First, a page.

- Network—virtually and IRL. Seek out and follow industry leaders on Twitter, LinkedIn groups, and blogs so you can learn from the pros; but don’t just lurk—participate! Attend industry events (not just those for students but where there will be pros as well). Research agencies, organizations, companies that you would like to intern with or work for. Develop and practice your elevator speech; you should have a 30-second spiel that is memorable and opens a window to your personality, your passions and your mindset. Not a laundry list of skills, rather what you can offer to a potential employer. Use your smartphone to record yourself so you can play it back and make improvements. Then, reach out to your targets and request an informational interview. If face-to-face isn’t an option, Skype or Google+ Hangouts are good alternatives. Ask what (coursework, degrees, activities, skill sets) they are looking for when hiring. Ask, given identical academic backgrounds, what makes some candidates standout above the rest. Doing this NOW allows you time to make a quick change to a more pertinent elective, audit a course or self-teach additional skills.
- Create an online portfolio if you haven’t already. Gather writing samples from internships, volunteer gigs, blog posts, class assignments. Be sure to include any public relations or marketing plans you’ve created, press releases, anything written in AP Style, newspaper/media clippings, presentations, creative design samples, reference letters, special certifications, etc. (NOTE: If you are including any work that was done as part of a group, be sure to notate this and identify which part you actually did.) PR professionals must view themselves as “brands”—it’s a very competitive industry. Your online portfolio, business cards, blog, resume, etc. should all present one cohesive message.
- Does anxiety, workaholism and/or a sense of over-responsibility get in the way of getting what you want out of your life?
- Do you stay busy to appease your restlessness?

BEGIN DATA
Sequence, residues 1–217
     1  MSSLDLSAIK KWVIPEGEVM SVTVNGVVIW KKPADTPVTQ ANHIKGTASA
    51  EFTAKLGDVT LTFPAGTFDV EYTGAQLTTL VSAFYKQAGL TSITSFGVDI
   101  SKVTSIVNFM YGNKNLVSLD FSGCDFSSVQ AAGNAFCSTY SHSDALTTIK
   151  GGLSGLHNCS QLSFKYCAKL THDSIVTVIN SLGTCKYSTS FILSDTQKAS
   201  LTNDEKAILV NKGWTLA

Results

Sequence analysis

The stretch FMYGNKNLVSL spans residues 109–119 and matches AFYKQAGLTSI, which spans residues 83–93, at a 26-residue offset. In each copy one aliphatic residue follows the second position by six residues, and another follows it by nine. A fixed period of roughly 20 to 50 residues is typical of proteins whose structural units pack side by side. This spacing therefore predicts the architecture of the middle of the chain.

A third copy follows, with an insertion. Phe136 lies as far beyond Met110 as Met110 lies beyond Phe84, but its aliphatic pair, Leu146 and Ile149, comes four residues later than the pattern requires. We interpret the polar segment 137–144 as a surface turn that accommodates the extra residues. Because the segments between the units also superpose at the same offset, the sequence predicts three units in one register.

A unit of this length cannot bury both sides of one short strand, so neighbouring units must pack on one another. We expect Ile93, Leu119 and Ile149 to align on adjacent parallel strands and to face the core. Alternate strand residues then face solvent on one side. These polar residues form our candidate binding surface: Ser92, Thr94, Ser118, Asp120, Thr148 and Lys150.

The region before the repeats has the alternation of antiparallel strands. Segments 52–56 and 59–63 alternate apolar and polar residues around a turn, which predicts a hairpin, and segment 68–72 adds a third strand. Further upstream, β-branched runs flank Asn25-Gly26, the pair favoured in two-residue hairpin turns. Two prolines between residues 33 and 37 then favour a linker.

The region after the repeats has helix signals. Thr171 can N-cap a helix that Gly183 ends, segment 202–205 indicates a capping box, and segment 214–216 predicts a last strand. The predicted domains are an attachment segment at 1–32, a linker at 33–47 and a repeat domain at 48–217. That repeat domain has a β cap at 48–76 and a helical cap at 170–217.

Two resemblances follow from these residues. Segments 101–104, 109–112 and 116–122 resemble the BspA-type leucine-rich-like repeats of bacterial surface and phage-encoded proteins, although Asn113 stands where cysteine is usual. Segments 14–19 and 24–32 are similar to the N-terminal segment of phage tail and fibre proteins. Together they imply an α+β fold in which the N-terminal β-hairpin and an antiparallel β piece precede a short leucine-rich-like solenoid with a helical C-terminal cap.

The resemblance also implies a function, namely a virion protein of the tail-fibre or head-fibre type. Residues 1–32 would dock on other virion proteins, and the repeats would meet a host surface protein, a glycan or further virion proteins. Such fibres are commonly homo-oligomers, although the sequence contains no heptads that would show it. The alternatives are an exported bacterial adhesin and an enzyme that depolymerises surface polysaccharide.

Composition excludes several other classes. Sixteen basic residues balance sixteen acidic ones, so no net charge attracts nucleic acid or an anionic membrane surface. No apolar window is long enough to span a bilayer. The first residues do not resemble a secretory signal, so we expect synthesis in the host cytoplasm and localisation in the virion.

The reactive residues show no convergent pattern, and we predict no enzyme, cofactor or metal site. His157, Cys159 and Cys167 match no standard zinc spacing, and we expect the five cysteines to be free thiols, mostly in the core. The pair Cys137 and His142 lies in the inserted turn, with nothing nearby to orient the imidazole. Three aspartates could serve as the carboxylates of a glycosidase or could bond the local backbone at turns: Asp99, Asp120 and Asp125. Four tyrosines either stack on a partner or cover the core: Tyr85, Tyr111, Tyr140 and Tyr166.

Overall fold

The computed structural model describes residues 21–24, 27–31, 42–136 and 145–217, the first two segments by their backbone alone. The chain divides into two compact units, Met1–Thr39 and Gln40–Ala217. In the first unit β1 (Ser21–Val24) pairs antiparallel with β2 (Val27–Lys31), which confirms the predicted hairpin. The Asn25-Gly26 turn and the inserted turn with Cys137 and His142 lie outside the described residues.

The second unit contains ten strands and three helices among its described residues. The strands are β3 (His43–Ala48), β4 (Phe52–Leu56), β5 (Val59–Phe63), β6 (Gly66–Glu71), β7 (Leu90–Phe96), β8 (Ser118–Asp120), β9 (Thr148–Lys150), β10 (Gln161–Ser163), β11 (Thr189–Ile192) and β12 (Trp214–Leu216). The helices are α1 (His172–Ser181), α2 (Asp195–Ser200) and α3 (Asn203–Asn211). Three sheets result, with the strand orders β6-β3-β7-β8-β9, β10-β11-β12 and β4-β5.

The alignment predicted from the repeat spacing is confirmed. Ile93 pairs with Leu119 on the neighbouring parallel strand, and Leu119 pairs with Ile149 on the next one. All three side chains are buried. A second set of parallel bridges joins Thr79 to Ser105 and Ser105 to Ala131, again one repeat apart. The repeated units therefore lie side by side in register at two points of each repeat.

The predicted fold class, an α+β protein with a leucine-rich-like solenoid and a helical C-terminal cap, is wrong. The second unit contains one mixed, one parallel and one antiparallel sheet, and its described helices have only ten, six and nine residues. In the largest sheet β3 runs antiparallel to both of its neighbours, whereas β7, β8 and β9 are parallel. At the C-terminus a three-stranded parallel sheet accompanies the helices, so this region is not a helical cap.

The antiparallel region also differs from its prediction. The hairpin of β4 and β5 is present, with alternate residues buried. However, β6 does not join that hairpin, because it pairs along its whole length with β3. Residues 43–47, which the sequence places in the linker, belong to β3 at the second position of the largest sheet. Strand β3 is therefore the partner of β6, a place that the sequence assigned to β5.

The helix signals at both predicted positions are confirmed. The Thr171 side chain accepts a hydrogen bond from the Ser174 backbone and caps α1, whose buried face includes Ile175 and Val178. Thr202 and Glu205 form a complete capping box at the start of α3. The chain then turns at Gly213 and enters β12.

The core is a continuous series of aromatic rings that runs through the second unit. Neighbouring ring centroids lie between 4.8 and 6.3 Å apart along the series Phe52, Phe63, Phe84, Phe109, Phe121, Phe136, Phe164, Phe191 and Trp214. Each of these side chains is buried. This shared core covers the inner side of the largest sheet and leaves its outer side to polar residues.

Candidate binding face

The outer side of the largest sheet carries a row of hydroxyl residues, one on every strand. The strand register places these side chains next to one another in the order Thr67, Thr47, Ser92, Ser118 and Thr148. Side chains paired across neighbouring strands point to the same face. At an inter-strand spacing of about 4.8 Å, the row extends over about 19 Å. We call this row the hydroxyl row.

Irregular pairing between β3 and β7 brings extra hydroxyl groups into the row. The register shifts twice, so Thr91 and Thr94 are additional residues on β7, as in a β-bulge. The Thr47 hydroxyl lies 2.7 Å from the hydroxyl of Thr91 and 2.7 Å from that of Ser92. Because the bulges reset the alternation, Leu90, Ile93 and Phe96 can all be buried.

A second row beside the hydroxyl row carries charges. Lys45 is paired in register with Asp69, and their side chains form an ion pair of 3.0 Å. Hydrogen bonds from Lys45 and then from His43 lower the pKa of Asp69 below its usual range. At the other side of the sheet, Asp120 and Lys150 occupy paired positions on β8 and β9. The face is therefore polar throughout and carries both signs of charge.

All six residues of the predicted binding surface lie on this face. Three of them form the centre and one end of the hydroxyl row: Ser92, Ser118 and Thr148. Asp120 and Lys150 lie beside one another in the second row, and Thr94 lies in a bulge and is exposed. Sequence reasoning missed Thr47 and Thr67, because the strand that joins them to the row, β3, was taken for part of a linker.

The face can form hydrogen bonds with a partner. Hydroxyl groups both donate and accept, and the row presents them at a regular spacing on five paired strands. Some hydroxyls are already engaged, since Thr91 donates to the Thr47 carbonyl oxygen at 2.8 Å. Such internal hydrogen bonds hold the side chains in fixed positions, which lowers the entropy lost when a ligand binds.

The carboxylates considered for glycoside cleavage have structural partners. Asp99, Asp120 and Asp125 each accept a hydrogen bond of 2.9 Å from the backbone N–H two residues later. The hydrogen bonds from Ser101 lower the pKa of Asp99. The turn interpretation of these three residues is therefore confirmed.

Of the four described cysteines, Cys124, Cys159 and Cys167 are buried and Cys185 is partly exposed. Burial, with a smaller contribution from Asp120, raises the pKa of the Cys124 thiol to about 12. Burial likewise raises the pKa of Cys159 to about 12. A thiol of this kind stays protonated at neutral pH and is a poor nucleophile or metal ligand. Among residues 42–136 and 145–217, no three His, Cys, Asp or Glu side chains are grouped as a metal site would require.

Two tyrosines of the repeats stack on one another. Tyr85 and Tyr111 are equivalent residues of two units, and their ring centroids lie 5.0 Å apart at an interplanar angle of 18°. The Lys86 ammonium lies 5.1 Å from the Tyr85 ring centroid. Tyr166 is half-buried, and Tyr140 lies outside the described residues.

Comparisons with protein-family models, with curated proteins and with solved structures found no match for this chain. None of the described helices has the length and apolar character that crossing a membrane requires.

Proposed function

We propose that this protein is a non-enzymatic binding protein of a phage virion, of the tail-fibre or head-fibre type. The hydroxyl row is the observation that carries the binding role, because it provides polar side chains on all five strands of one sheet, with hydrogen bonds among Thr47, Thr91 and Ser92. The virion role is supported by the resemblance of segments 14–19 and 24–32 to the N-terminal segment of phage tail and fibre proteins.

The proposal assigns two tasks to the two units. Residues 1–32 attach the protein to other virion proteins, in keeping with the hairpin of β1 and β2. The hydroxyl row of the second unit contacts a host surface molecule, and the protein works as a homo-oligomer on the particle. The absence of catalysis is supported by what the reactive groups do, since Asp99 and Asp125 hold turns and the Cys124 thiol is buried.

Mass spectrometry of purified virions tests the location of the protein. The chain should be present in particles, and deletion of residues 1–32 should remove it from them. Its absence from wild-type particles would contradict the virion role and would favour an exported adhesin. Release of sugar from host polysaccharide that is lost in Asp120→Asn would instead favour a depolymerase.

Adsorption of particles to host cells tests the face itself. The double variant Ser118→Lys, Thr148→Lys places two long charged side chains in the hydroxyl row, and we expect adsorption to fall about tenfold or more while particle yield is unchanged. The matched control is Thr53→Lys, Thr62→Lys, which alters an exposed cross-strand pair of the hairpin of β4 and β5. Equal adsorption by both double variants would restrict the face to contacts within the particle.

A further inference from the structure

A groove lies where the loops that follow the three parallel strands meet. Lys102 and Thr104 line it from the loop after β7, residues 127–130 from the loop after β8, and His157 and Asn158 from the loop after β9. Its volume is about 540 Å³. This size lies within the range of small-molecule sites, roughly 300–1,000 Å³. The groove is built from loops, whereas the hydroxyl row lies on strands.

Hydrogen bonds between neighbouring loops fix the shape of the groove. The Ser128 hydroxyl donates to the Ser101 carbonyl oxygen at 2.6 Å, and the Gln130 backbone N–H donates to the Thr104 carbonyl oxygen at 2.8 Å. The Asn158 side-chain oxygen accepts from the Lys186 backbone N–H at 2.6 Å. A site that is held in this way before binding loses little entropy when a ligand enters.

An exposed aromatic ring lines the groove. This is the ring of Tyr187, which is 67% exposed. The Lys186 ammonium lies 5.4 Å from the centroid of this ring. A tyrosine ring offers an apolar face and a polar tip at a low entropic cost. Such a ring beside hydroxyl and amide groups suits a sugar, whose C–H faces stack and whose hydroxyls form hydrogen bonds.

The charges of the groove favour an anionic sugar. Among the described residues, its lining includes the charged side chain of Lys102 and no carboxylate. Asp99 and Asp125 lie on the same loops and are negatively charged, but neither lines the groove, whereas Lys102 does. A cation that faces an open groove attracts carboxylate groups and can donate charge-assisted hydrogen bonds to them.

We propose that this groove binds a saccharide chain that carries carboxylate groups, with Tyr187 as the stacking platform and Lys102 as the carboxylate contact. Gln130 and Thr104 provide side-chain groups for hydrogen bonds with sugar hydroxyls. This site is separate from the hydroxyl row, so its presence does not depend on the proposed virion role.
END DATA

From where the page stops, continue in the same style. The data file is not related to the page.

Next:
- Are you obsessive compulsive about work and other areas of your life?
- Do you do more than your fair share at home, at work, in volunteer activities?
There are more than 100 million searches each month on “how to” do something. Rust-Oleum, a nearly 100 year-old company, came to the realization that people aren’t really passionate about products as much as they want to change and improve their living spaces, creating something beautiful that they can enjoy.
With the insight that people want to improve and/or change what they love, Rust-Oleum (along with its agencies) set out to create 1,000 compelling projects to serve as inspiration and demonstration to consumers. Leveraging paid media and using data driven marketing to share a transformation story through images and video, they empowered bloggers and every day influencers to share their own inspiration stories, in turn driving awareness and a new excitement—a re-introduction of sorts.
Lisa Bialecki, Senior Director, Integrated Communications at Rust-Oleum, shared their journey with attendees of PRSA St. Louis’ recent Digital Communications Summit.
They conducted fast data analysis to identify exactly what people are searching for and where they’re looking to find this information. Using this research data, they created a blueprint of projects that they needed to create and feature—for example, 14% of the project would be devoted to the garden tackling things like planters, fences and stones, while 5% would be devoted to garage revamping items such as cabinets, hardware, organizers and the garage floor.